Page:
Editorially independent content. Fashion and beauty brands lead the way!

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In early 2010, luxury brand LVMH Moet Hennessey Louis Vuitton launched its digital magazine NOWNESS.com.

Described as a “digital leader in luxury storytelling” the digital magazine hosts “an exclusive premiere of the most inspiring stories influencing contemporary culture and global lifestyle”. While the site is controlled and run by LVMH, the content is ‘editorially independent’. It showcases a range of stories, products and topics that are not directly associated with LVMH.It’s been a successful marketing venture for the luxury brand, with the site winning a Webby Award for Best Fashion Website earlier this year. And it’s a marketing venture that represents a new wave of digital marketing – other luxury brands have similarly experimented, building editorial teams to create content on online platforms that is editorial in style (independent), but carries the brand message and keeps the brand cachet intact. Burberry’s Art of the Trench and Tory Burch’s Torypedia are two other examples.

A July report from McKinsey Quarterly – ‘We’re all marketers now’ – comments on these new content oriented strategies that deliver value and drive engagement with customers. “Many luxury-goods companies… have built editorial teams to “socialize” their brands: they are transforming the customer relationship by producing blogs, digital magazines, and other content that can dramatically intensify both the frequency and depth of interactions.”

These digital content strategies diverge from traditional marketing methods. Rather than paying for editorial space in existing publications, companies are launching their own online platforms on which they can share information with their customers.

It’s a new approach to luxury marketing that has also been adopted by more mainstream beauty brands. L’Oreal recently relaunched Makeup.com, which posts editorially independent content such as beauty and make-up tips advice using a variety of multimedia platforms. On our own shores, Maybelline NY is launching a new digital magazine, which aims to encourage interaction and fodder for their youthful, switched-on market.

The potential of ‘editorially independent’ content

Brands who are riding this new marketing wave have realised that it’s not just about the clothing or the product they produce – it’s about placing that product in a broader lifestyle context. It’s a way of reflecting your brand from a lifestyle perspective and taking an editorial approach to telling your brand story.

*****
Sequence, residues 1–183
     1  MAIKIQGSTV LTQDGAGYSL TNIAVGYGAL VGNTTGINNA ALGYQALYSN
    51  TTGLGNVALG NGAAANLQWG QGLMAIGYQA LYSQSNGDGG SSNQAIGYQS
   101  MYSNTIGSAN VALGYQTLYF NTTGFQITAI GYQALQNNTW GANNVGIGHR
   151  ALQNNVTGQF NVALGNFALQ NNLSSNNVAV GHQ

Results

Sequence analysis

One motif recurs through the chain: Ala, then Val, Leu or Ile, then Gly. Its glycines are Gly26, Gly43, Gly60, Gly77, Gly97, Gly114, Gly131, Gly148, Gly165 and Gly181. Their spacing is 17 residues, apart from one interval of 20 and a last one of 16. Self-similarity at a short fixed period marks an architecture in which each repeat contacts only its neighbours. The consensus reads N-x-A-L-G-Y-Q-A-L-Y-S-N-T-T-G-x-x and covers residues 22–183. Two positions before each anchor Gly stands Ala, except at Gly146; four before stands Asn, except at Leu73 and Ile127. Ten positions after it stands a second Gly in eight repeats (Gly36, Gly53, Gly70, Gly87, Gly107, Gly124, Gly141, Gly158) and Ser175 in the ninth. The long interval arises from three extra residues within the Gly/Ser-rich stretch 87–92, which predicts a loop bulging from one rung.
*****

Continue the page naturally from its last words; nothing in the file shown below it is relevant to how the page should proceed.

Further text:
Behind this drive to produce this form of content marketing is the belief that it is regarded as more trustworthy to consumers, and more memorable and compelling than traditional advertising. Successful campaigns – such as LVMH’s NOWNESS and Makeup.com have been able to get a brand message out in a more engaging and exciting way.  It’s also a form of entertainment. Rather than broadcasting brand messages at people, this editorial content provides a more rich and interactive experience.

Another attraction of these brand owned platforms is that it is possible to measure the level of engagement. By monitoring impressions, clicks and conversions, brands can effectively track their ROI.

It does, however, raise some questions. For example, what is the line between editorial, advertising and advertorial? And will consumers be wary of crossovers? While there is some haziness around where editorial stops and advertising begins, the beauty of this foray into branded editorial platforms is that consumers can make the decision as to whether they want to engage with it or not (and there are a variety of sites to choose from).

While editorial content won’t end the need for traditional marketing and advertising efforts – it does usher a need for more creative and editorial digital marketing budgets and initiatives.

What other industries could benefit from brand owned editorial content platforms? Do you think this is an effective way for businesses to gain trust, loyalty and deliver a brand message to consumers?

(And yes, Switched on Media’s content team does offer digital content services, so feel free to get in touch with us for more information!)